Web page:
You’ve no doubt received your share of wedding invitations over the years, including those that invite only couples, not children. There are no doubt good reasons to exclude kids from weddings.
Some of these include cutting wedding costs, since halls and caterers often charge per guest for such a large event; the potential for embarrassment and disaster, with misbehaving kids dangling from drapes, playing tag between tables, and having tantrums during the official Nikah ceremony.
Yet, despite these seemingly logical explanations for those “Mr. and Mrs. Only” invitations, there are even better reasons for Muslim families to include children in wedding celebrations. Here are three big ones.
1. Reinforcement of Islamic values
A priest at a church altar; the permission given to “kiss the bride”, followed by a party featuring wine and mixed-sex dancing – these are all considered the standard wedding script in our culture. Whether it’s on television shows, in movies or books, the assumption is that most people get married this way.
When it comes to Muslims, while we may differ on many levels culturally in how we celebrate marriage, we also have key similarities: the presence of the Imam to conduct the wedding ceremony; the presentation of Prophet Muhammad’s, peace and blessings be upon him, marriage sermon; collective Dua for the couple; the various levels of Islamic etiquette and conduct practiced within families and between men and women.
When we exclude kids from weddings, we deny them the opportunity to witness an Islamic marriage ceremony, something they will most likely never see in the popular culture they consume daily.
2. To reinforce manners
Connected to point number one above is the loss of basic manners. Including kids in weddings is a great way to reinforce good manners often lacking in young people today, regardless of their religious or ethnic background.
For instance, countless parents, employers, grandparents, and other relatives have complained about the way many youth see nothing wrong with sending or receiving text messages in mid-conversation with others. Instead of giving their full attention to the person who is talking to them (which was actually what the Prophet instructed Muslims to do as well), their heads are more often than not bent over a cellphone while their mouths are supposedly conversing with you.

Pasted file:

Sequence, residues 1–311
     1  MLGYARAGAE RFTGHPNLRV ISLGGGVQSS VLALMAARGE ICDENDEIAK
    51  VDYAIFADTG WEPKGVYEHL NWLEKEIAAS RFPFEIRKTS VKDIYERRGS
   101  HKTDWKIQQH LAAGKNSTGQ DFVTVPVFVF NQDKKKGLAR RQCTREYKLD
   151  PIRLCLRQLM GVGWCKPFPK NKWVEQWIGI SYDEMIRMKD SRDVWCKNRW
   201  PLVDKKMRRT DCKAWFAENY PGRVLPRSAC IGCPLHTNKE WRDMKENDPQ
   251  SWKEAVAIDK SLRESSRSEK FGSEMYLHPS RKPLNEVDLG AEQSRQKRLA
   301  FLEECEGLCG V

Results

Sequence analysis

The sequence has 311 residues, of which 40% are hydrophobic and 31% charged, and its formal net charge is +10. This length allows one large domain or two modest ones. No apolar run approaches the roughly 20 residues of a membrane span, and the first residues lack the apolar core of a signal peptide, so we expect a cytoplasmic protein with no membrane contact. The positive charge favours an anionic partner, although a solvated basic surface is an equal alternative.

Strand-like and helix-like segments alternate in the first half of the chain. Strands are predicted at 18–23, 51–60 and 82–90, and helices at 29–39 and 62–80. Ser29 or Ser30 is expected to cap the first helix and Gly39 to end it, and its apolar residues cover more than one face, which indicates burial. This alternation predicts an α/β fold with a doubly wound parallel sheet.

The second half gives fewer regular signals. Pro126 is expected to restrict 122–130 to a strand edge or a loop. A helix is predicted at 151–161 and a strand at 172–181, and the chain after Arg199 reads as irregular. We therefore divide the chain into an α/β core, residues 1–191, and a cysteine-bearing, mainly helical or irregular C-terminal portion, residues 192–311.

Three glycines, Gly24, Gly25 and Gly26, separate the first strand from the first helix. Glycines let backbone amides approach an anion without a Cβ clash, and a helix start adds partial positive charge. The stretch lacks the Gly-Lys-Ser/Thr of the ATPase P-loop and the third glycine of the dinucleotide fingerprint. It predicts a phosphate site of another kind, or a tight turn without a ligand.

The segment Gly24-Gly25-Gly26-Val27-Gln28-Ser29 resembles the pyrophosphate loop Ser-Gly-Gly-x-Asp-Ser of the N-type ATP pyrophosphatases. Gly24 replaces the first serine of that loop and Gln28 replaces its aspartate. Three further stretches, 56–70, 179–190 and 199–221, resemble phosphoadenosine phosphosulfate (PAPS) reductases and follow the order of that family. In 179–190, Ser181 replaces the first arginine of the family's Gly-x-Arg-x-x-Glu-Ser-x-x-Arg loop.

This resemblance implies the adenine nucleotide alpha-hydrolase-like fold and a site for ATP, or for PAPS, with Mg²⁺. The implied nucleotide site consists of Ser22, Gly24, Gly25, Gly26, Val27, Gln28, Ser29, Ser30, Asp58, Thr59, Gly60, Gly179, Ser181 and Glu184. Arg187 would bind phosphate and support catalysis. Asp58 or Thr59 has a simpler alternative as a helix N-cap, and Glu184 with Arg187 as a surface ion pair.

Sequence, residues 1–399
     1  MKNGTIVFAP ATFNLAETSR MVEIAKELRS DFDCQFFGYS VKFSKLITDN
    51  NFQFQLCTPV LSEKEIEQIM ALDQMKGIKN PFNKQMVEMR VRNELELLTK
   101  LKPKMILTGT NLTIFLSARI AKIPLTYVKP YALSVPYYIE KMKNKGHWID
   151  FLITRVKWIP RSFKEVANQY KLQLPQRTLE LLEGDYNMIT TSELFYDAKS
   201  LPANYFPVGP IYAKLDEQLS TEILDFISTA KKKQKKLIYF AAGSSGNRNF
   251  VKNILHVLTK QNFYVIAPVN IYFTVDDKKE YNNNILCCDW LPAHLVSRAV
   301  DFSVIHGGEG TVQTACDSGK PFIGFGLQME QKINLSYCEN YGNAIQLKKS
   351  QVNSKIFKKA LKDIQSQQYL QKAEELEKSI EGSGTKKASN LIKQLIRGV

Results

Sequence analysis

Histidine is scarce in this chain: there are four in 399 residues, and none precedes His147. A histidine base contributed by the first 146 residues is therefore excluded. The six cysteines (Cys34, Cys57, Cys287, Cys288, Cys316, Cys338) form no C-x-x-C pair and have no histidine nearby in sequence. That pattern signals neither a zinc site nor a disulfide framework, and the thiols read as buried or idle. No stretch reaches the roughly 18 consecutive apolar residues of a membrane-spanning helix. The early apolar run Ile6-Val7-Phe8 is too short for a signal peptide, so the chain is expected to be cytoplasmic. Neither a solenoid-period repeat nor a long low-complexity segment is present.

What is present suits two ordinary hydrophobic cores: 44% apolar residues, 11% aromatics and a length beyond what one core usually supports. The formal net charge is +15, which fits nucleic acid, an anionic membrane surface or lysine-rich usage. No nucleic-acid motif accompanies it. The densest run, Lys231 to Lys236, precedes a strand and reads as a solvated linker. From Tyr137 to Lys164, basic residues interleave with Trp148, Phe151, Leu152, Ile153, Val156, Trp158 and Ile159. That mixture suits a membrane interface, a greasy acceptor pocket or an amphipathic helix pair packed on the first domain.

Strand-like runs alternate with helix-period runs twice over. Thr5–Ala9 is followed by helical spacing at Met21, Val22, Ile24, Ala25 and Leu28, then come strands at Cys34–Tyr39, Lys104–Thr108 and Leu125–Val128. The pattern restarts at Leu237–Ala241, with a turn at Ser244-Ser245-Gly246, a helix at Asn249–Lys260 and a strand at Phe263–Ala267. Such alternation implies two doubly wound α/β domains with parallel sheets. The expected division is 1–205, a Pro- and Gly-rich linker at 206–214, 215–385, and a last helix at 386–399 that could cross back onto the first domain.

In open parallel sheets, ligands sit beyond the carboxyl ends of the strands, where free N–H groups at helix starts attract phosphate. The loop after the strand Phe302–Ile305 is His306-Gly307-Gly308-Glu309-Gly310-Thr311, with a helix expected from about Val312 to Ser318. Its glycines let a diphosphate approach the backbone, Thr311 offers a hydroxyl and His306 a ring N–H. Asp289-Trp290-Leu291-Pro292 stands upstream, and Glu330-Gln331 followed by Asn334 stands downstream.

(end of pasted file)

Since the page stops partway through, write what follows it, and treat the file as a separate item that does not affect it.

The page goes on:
Weddings, like other formal occasions, offer parents a real-life opportunity to reinforce manners in a setting outside of the immediate circle of family and friends. Parents can and should, for example, confiscate the cellphone on when the family is attending a wedding. They should also talk about manners like paying attention to the person talking to them and showing an interest in what is being said, for example.
It might actually be a good idea to enroll young people in an etiquette class in the weeks prior to the wedding to practice. This will not only reap social rewards, but possibly, monetary ones as well, if they are able to impress a potential employer in the long-term with their respect for others.
3. Weddings are about family
No doubt, it is often embarrassing dealing with kids and their antics during a formal occasion like a wedding, whether it’s an unexpected meltdown in the middle of dinner or a potty accident. But that is what family life is about, a paradoxical combination of elegance and embarrassment, smiling and sadness, laughter and rage.
Moreover, these incidents can be handled deftly without resulting in the full-scale exclusion of kids. The parent(s) of a child having a meltdown can immediately leave the room to calm their offspring down; a potty accident can be handled with class by parents packing extra fancy clothes for those “just in case” moments and offering to pay for any damages to hall equipment. There are ways around these problems, provided parents are willing to do their part (and many of them already do), and hosts are able to be a little bit tolerant and forgiving.
We do a disservice to our children and the next generation of Muslims when we exclude them from weddings, a stage we pray they will eventually pass through in the future. Although their presence can be annoying and embarrassing at times, this is a small price to pay for the reinforcement of Islamic values and manners, and for them to witness how this critical life juncture is conducted among Muslims.
If you’re planning a wedding this year, I’d suggest choosing less expensive halls, dresses, and other paraphernalia, and expanding the guest list to include children. You may not have the fanciest or most elegant wedding of your social circle. But the blessings you’ll get when those little hands are raised in Dua for the newlywed couple and your family, as well as the teachable moment you offer young Muslims who may have rarely, if ever, witnessed, an Islamic marriage ceremony, will be the true payoff in the end.